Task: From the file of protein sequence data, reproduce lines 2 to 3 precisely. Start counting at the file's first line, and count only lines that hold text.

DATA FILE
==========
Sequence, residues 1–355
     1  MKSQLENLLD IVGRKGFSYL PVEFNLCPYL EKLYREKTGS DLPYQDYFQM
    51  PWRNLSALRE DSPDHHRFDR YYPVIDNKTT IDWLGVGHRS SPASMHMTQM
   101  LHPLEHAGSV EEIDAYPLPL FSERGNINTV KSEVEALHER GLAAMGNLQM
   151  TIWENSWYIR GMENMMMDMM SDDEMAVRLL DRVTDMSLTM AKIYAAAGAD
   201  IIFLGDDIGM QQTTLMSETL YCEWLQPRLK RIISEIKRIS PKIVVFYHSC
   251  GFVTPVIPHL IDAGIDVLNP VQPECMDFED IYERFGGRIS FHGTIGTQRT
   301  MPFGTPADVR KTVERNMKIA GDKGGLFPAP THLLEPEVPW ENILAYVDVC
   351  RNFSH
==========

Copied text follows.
     1  MKSQLENLLD IVGRKGFSYL PVEFNLCPYL EKLYREKTGS DLPYQDYFQM
    51  PWRNLSALRE DSPDHHRFDR YYPVIDNKTT IDWLGVGHRS SPASMHMTQM